Women in Horror Month_Debra Hill_Featured_1200x630

WiHM: Debra Hill

Born November 10, 1950 in Haddonfield, New Jersey, Hill grew up in Philadelphia, Pennsylvania. Her career in film began in 1975 when she became a production assistant on adventure documentaries and worked her way through many roles, including script supervisor and second unit director. That same year, she worked with Carpenter on Assault on Precinct 13 as script supervisor and assistant editor. It was at this time that their professional and personal relationships formed.

She and Carpenter co-wrote Halloween in 1978, and later co-wrote the sequels Halloween II and Halloween III: Season of the Witch. Continuing to work with Carpenter, Hill also branched out to work on other projects. By 1986, Hill had formed her own production company with friend Lynda Obst and they produced such titles as The Fisher King and Adventures in Babysitting. One of the most popular and powerful producers in Hollywood, she also contracted with Disney to produce short films for their theme park and an NBC special for Disneyland’s 35th anniversary.

In 2003, Women in Film honored her with the Crystal Award, about which she said:

I hope some day there won’t be a need for Women in Film. That it will be People in Film. That it will be equal pay, equal rights and equal job opportunities for everybody.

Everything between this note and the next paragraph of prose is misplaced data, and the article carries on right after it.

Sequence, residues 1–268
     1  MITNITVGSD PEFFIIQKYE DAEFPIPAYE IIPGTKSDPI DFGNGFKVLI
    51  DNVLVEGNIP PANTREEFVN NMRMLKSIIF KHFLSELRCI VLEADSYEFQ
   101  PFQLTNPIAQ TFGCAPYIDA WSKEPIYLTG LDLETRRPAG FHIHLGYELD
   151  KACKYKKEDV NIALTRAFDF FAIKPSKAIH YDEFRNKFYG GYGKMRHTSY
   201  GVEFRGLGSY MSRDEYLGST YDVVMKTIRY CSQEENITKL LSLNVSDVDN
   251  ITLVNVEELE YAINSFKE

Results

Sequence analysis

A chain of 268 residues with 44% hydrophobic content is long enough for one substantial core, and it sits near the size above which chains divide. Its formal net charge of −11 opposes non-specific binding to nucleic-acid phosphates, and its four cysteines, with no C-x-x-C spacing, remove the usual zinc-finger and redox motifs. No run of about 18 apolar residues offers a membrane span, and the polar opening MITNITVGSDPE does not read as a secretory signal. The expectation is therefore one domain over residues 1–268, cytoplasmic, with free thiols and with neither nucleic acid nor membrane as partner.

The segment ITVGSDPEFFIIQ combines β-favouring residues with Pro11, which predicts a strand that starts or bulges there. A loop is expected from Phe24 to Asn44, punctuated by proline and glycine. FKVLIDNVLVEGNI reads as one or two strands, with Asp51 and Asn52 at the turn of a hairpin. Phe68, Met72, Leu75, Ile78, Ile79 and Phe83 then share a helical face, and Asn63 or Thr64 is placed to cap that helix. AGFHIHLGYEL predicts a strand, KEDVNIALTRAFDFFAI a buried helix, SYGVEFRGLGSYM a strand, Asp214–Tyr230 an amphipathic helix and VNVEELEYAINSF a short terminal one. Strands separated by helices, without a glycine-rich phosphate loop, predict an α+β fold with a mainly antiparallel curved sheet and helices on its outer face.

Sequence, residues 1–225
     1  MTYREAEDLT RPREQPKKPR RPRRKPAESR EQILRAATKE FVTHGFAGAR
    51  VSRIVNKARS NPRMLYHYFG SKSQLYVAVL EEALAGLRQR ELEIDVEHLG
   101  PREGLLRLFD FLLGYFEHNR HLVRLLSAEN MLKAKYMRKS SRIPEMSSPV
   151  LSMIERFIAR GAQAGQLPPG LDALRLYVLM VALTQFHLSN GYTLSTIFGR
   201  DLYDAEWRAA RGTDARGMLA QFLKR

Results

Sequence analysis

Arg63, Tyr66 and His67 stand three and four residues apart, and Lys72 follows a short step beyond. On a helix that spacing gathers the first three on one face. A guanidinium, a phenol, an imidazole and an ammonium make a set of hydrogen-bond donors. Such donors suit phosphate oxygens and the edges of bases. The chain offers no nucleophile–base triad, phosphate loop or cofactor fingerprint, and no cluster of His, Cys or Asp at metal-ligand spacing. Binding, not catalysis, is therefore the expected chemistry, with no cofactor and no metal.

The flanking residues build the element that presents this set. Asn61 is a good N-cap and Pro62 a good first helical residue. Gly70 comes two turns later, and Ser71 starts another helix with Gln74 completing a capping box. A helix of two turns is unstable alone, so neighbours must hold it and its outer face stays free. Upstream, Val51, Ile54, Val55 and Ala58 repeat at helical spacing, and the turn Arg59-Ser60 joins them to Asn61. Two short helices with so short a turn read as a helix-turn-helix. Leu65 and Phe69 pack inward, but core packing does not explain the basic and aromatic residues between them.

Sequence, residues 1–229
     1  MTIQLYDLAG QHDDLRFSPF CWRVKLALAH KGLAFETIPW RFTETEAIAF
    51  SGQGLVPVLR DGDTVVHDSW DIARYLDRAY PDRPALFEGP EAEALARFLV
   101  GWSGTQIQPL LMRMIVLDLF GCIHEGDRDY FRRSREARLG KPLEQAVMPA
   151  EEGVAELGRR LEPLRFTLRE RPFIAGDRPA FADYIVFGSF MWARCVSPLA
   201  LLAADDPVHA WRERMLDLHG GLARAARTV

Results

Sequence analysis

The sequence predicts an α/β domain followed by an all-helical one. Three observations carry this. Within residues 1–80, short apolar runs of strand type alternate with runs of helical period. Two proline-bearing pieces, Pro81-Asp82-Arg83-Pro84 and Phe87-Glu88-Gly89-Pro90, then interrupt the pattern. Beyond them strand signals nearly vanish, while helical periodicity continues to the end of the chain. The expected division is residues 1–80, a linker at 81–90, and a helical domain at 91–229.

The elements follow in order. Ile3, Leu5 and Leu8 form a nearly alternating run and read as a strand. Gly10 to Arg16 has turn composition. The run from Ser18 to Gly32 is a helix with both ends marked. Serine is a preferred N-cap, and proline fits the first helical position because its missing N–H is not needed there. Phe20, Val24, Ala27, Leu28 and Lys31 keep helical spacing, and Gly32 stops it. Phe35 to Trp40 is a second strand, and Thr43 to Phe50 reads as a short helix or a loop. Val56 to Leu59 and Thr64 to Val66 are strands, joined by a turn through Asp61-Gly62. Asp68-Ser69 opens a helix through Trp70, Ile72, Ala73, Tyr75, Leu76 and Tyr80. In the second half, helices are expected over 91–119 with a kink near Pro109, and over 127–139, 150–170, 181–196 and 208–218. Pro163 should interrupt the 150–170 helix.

Hill was diagnosed with cancer in February 2004, but she continued to work with John Carpenter and Kurt Russell on a comic adaptation of the Snake Plissken character from the Escape films. With Carpenter, she also produced the underwhelming remake of The Fog. She died on March 7, 2005, still working on Oliver Stone’s film World Trade Center as producer.
Among the many films she produced in her lifetime, we have Debra to thank for are Clue, Big Top Pee Wee, The Dead Zone, Attack of the 50 Foot Woman (TV movie), Head Office, and many others.
After her death, Carpenter spoke warmly of the times he had working with her, recalling that it was "one of the greatest experiences of my life – she had a passion for not just movies about women or women's ideas but films for everybody".
RIP, Debra Hill, you have certainly earned it.

Posted by Alan Smithee

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